Stealth salting - and heating

Related to the hotel ploy mentioned above of leaving a bottle of overpriced mineral water in your room, is the tendency of hotel chefs to oversalt dishes, so that you are sure to develop a raging thirst in the night and - your reserves of bargain Lidl water by now exhausted - be forced to crack open the 4 euro bottle in desperation at 3am. Also playing into this whole scenario are radiators with no - or malfunctioning - manual controls. These will typically blaze away all night, exacerbating your thirst and further boosting sales of in-room water. That said, the hotel's profits on the drinks front may be seriously eroded by the extra utility bills, but the management may choose to ignore this in their eagerness to peddle incidentals.



Xenophobic wifi

Now that title may also look strange, but bear with me. For you see, although I have enjoyed free Internet access in branches of McDonald's in Switzerland, Slovenia and Hungary, when I was in Germany recently I was unable to access the network because I couldn't register on the portal using a German-based mobile phone. Given the international popularity of the chain and the amount of passing trade they must do from overseas visitors like myself, I am surprised that they should discriminate between foreign and domestic customers in this way. So, Ronald McDonald, you need to know that it is never going to be a Happy Meal if I can't get my emails...



By the same token, I tried to buy a metro ticket from a machine in Amsterdam last night. Not only did it not accept coins or notes, but the only plastic it would take was a Maestro card, whatever that is when it is at home - which it clearly is in Holland.

Impotent tea bags

On these trips I was struck by how often the tea bag I was offered in cafes and at hotel breakfast tables turned out to be Darjeeling. Out of the tea bag trinity of Darjeeling, Ceylon and Assam, Darjeeling is possibly the weakest. On a forum of English expats living in Switzerland, one member wrote: "Whenever I seem to make a cup it's as pale as a heroin junkie and as weak too...". The classic blend of English Breakfast is a mix of Ceylon and Assam and Kenyan teas, I believe, and is better suited to the British palate. As another forum member replied in the same thread: "If you like mashed, stewed and spoon dissolving tea, then you can get English Breakfast and others over here too." Well great, but where? Now there's an idea for a phone app..."Strong Brew Finder", maybe?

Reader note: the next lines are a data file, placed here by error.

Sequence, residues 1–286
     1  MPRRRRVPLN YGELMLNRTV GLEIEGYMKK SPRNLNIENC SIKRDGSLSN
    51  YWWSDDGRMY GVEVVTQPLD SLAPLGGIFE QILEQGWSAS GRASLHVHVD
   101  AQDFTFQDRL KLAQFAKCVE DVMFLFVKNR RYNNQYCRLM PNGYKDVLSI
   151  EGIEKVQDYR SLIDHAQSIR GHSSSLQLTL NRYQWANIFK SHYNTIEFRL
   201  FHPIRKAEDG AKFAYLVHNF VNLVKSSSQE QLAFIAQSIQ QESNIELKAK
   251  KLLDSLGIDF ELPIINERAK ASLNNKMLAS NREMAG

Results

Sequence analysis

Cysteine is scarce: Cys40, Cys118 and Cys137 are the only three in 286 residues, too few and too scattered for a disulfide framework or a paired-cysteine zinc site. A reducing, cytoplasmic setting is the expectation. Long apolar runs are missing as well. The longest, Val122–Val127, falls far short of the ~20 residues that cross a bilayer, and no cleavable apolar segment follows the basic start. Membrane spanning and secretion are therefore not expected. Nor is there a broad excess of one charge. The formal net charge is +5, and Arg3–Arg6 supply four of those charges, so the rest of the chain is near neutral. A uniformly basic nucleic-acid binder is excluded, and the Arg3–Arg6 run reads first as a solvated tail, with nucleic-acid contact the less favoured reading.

I tried letting the feeble Darjeeling tea bag infuse for longer. I tried squeezing the life out of it with my spoon. It was still weak, but nastily metallic. Now I know what you are thinking: "When in Rome..." and all that jazz, but tea is one of the fundamental components to my day. So if no one comes up with that app I may just have to ramp up my emergency tea bag stocks...



Encoded chips

On one of my flights, the stewardess brought round complimentary soft drinks and a choice of snack. "Sweet or savoury?" she inquired of everyone, as she passed down the aisle. What kind of silly question is that? That is a clear case of NEI (aka "Not Enough Information"). Why, "sweet" could cover the whole spectrum of offerings from a boiled sweet to a three tier Black Forest Gateau, while savoury could encompass a full roast dinner all the way down to a tiny bag of pretzels. So of course I had to ask what exactly the options were within those broad food groups, to which the answer came: "cookies or chips", arguably shorter words to say in the first place. Ah well, I suppose I might have guessed that really. They'd have struggled to fit a chicken into one of the steel drawers on their trolley, and short of strapping it to the back of one of the engines in the line of thrust, I am not quite sure how they would have contrived to cook it.



And of course no round up of travel silliness would be complete without a picture of something strange on a pole...yes, it's another Chupa Chups water tower!



And here is also a cute one of a cat. He's got the hang of the Buddha squat, but isn't quite in the zone mentally, I sense. The ears are a dead giveaway...





Photo of shower from lifestyle-bunny.de, photo of rev counter from parkers.co.uk, photo of ham and cheese from tripadvisor.com, photo of squirrel from ullocal.wlky.com, photo of wifi from McDonald's website, photo of tea from darjeelingcuppa.com, photo of chips from everydayshouldbesaturday.com, other photos my own.

26 comments:

  1. It's late evening. The Mr. and I are sitting on the sofa. I'm reading the latest Bonker's installment, he's reading a book. I'm laughing fit to bust a gut, he's trying to read a book. I'm telling him to let me read him "just this one paragraph", he's giving me that 'long-suffering' look...

    A clatter of santas?! LOL

    ReplyDelete
  2. V, you really need not worry about not writing perfume reviews or New Year's resolutions, your posts are so funny and uplifting, I wouldn't wantt o miss them for the world. And I'm sure your othere readers think the same!
    I hope you will travel again soon, since I love those posts so much.

    "Nanny dashboard" and "stealth creaming" are my absolute favorite phrases! :D

    ReplyDelete
  3. Hi Cymbaline,

    I am glad I raised a chuckle, and thanks to Mr C for his forbearance!